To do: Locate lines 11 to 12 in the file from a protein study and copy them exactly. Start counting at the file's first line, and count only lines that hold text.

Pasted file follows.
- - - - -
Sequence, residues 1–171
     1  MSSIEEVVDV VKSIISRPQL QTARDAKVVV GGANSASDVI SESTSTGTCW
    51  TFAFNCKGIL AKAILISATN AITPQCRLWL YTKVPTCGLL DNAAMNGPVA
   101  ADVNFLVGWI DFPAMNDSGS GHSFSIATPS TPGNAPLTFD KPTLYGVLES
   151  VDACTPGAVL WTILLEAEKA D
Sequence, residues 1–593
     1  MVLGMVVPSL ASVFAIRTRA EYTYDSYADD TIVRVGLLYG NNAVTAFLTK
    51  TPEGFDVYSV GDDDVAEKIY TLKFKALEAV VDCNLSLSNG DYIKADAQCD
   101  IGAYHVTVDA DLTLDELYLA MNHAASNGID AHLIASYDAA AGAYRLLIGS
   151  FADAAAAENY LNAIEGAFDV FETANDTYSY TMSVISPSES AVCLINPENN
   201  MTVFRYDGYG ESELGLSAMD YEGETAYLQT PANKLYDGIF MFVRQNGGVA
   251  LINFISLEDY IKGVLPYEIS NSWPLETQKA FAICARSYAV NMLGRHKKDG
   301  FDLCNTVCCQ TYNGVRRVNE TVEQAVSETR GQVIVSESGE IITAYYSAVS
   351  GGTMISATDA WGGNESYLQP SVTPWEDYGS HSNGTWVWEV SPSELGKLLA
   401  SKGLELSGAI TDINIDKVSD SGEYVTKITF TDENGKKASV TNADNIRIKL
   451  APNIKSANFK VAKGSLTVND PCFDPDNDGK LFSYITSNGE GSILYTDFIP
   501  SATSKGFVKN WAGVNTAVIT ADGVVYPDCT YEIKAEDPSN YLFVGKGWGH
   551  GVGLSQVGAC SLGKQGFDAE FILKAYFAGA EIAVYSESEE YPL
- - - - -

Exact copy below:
   201  MTVFRYDGYG ESELGLSAMD YEGETAYLQT PANKLYDGIF MFVRQNGGVA
   251  LINFISLEDY IKGVLPYEIS NSWPLETQKA FAICARSYAV NMLGRHKKDG